The Heavy are one of those rare acts that have a song that’s far better known than the band itself. Over the last decade ‘How You Like Me Now?’ has featured in countless TV shows, games and ads, as well as appearing in almost as many movies as the MGM lion.
The song is so ubiquitous that it risks overshadowing the band’s more recent material and consigning them to the one-hit wonder status of the likes of the Rembrandts and Norman Greenbaum.
With the release of ‘Sons’, their fifth album, they may be able to avoid such a fate. Several of its eleven tracks replicate the massive cinematic sound of ‘How You Like Me Now?’ and some are of a high enough quality to match its frequent use in mass media.
You’d be forgiven for thinking ‘Sons’ is the work of some obscure 1970s group from one of the grittier neighbourhoods of Memphis or Detroit. In fact The Heavy formed in 2007 in Bath, a picturesque city not renowned as a hotbed of funk and soul.
The band’s sound is unashamedly retro, with James Brown, Curtis Mayfield and George Clinton obvious influences. But they bring enough fresh ideas to the table to avoid accusations of plagiarism.
They signal their intent with opening track ‘Heavy For You’. It’s a brawny hybrid of rock and soul that swaggers and stomps its way through three breathless minutes. Out of all the songs on the album, it’s the one that most closely resembles ‘How You Like Me Now?’, and it’s easy to imagine it soundtracking everything from boxing movie montages to cider ads.
The band ease up a little for the next two songs, but the quality remains high. It’s hard to believe ‘The Thief’ isn’t a cover of a forgotten Stax gem. The similarly infectious ‘Better As One’ is a brassy number complete with spidery basslines and crazed screeches worthy of James Brown.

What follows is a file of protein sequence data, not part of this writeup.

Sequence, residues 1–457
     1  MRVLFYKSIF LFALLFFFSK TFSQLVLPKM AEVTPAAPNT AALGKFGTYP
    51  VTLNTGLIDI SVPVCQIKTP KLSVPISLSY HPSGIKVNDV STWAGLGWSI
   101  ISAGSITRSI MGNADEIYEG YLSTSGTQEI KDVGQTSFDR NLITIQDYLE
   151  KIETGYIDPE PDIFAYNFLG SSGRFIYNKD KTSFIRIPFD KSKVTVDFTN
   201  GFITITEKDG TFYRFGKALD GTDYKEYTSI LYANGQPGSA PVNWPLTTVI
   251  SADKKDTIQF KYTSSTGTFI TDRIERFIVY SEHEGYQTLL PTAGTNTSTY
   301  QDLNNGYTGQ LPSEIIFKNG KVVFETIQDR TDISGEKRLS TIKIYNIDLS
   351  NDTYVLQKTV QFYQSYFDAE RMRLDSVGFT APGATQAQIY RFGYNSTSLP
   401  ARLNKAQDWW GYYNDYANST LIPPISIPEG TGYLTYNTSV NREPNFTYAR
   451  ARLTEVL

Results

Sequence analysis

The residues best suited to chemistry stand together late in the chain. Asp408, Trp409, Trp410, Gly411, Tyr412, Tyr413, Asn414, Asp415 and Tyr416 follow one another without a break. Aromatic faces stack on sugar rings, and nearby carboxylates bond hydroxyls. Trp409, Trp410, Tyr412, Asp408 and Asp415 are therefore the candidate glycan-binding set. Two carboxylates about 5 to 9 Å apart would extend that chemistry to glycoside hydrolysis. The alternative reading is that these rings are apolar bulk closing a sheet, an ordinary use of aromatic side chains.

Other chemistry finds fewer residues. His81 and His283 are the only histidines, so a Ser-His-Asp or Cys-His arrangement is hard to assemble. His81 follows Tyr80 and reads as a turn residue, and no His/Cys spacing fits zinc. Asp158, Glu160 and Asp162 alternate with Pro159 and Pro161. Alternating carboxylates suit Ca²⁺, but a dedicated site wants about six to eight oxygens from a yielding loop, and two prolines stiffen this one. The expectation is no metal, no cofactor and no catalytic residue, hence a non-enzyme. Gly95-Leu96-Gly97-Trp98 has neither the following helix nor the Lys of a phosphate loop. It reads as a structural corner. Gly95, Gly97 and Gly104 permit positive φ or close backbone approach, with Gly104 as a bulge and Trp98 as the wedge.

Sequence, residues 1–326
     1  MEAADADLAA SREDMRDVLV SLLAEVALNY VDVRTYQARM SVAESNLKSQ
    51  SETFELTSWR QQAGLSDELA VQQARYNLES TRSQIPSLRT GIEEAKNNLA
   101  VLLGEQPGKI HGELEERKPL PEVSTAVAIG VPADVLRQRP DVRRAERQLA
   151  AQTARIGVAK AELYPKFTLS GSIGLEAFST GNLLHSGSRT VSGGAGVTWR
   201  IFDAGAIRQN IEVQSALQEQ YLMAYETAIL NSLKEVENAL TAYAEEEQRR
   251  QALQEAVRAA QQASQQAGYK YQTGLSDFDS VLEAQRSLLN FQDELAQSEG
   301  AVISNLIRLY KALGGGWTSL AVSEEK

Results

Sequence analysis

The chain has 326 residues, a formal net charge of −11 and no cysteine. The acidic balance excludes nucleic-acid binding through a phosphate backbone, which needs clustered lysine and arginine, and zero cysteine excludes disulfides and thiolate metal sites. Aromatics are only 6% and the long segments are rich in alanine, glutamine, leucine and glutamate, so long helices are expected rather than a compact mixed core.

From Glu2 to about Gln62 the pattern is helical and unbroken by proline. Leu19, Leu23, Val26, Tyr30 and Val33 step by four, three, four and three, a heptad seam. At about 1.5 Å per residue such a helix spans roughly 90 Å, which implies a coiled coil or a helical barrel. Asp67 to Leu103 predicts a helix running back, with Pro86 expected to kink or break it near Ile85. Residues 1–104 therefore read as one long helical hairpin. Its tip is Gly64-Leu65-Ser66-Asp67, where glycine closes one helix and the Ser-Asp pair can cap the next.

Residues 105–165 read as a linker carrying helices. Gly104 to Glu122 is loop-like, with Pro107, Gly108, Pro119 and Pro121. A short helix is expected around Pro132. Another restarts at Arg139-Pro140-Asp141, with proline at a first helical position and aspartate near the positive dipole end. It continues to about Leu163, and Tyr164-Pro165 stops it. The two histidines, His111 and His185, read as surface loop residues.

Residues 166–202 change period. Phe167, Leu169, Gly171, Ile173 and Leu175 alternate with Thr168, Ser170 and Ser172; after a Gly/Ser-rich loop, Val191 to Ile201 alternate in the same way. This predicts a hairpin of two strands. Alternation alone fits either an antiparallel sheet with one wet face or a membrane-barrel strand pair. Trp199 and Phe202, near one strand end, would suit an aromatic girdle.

They’re both prime examples of the power and versatility of Kelvin Swaby’s vocals. Blessed with great range, he’s able to swing between the sweet and breathy style of Marvin Gaye to a huge raspy blare reminiscent of Edwin Starr.
‘Fighting For the Same Thing’ is a passionate plea for unity that rivals ‘Heavy For You’ as the album’s catchiest song. In keeping with the rest of the album, its lyrics are heartfelt without being particularly memorable or original.
The odd track out is ‘Simple Things’, which has a 1980s disco-funk sound akin to groups such as Shalamar. The squidgy basslines and drum machine are undeniably cheesy, to the degree that you suspect the track is a deliberate parody. Its inclusion is jarring, but due to its sense of fun, it’s not unwelcome.
‘What Don’t Kill You’ has a Latin vibe and clear cinematic potential. It’s the kind of song you expect to hear played over a Mexican barroom scene just before the shooting starts. At one point it threatens to turn into Chris Isaak’s ‘Wicked Game’, signalling the breadth of the band’s influences.
The album closes with ‘Burn Bright’, a gospel-tinged slab of late-night soul. Female backing singers, rumbling guitars and Morricone-style trumpets lend the track gravitas and end the album on a high note.
With most of the songs hovering around the three-minute mark, they don’t outstay their welcome. This is an album of lean, punchy songs packed full of hooks, sweat and grit.
‘Sons’ won’t convert the doubters who consider The Heavy an irrelevant throwback more interested in music’s past than its future. But for the rest of us, there’s a lot here to get excited about.
If you liked The Heavy before, you’ll love them now.
‘Sons’ is out now via BMG Rights Management